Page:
One or both RoboBrew elements during the boil?
The RoboBrew is fitted with two elements that can be manually switched on and off independent of the built-in electronic thermostat.
Generally speaking, you’ll use both elements to first heat up to your mash in temperature — usually around 70°C — and then switch off the larger, 1900W element so that the 500W element can maintain your mash temperature for the duration.
You’ll then want to use both elements to reach your mash out temperature — if you use this step in your brews — or to start the climb to your boil temperature.
Once your boil is underway, you’ll certainly want to keep the 1900W element on. As for the 500W element, it really comes down to how well your RoboBrew maintains a boil, and just how much you want to boil off. Here in Brisbane on a hot day, you can generally get away with switching off the 500W element. I avoid the use of an extension cord to minimise resistance in the circuit. Colder climates, houses with older wiring or a brewing location that requires the use of an extension cord are all common reasons you might need to use both elements.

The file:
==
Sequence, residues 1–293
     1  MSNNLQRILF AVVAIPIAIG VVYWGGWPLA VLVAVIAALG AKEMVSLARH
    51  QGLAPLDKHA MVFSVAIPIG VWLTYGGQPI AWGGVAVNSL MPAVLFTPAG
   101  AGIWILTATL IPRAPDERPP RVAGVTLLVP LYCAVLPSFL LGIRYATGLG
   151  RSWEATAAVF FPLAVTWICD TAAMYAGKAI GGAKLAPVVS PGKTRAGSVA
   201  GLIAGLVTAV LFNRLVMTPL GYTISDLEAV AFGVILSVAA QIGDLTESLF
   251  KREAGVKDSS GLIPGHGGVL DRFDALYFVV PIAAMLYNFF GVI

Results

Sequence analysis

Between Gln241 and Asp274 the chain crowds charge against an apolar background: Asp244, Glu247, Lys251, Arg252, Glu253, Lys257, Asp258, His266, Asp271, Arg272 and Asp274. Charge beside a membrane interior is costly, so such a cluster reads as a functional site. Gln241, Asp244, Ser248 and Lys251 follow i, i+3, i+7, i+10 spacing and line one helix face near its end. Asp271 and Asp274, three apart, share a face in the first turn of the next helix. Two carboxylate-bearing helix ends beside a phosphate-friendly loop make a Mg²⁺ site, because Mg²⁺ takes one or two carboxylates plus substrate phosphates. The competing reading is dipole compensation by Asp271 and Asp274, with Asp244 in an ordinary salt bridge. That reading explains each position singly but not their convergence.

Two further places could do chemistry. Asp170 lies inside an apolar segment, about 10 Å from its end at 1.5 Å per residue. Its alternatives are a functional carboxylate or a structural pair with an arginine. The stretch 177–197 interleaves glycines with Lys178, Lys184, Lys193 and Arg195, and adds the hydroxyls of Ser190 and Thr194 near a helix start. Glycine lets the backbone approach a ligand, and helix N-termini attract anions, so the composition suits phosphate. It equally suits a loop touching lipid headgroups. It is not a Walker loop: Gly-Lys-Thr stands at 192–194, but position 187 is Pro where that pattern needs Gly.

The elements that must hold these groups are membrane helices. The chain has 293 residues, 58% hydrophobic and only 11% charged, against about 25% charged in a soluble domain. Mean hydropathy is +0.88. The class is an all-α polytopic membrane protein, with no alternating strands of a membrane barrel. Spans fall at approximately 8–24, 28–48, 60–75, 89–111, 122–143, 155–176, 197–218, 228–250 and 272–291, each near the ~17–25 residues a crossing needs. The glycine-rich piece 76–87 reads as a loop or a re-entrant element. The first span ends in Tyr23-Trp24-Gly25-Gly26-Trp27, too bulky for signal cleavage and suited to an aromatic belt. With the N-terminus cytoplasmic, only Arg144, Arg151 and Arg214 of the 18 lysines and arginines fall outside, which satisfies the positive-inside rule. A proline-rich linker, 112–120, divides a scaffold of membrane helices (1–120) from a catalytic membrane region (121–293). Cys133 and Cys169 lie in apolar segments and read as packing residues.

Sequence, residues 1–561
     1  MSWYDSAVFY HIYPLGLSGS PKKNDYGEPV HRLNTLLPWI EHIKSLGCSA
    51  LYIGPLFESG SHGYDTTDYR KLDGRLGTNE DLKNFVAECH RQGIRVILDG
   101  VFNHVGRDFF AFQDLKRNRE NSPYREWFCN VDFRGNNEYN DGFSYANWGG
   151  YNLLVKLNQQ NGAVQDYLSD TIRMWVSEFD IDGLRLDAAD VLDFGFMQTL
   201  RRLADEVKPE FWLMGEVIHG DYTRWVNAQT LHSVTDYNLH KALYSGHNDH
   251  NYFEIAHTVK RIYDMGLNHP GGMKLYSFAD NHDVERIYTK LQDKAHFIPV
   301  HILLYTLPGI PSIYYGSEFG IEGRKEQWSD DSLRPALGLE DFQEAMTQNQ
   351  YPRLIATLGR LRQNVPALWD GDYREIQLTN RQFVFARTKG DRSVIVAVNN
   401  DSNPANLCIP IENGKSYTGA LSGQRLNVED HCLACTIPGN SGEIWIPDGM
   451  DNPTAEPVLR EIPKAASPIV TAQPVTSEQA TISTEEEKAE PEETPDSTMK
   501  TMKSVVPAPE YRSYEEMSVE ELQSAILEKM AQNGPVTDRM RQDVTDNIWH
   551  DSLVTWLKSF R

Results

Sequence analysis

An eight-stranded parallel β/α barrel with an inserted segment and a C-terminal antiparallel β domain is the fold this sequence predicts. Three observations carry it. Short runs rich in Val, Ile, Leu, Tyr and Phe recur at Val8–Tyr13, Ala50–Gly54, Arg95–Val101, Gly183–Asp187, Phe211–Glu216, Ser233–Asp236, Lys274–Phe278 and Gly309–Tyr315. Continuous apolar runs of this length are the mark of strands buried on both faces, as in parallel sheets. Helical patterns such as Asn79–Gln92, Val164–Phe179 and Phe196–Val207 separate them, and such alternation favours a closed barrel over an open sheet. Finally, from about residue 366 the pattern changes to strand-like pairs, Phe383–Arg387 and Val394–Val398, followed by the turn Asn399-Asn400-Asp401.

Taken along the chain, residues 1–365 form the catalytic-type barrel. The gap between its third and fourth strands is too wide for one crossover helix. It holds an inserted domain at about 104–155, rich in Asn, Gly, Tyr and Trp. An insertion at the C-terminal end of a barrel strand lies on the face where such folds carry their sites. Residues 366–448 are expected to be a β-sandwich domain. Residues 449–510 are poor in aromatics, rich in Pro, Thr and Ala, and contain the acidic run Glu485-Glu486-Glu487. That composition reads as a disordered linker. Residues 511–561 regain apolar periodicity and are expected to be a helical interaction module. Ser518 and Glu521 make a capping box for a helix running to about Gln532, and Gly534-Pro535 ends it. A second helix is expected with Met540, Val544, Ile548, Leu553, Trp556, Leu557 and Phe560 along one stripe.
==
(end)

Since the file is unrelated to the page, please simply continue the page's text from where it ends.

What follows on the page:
I generally use the 500W element if I’m behind on my efficiency and want to make it up during the boil. If I’m OK for my efficiency I’ll often switch off the 500W element to take it back to a more gentle boil that’s still adequate… it might mean an extra pint out of the batch at the end of the day.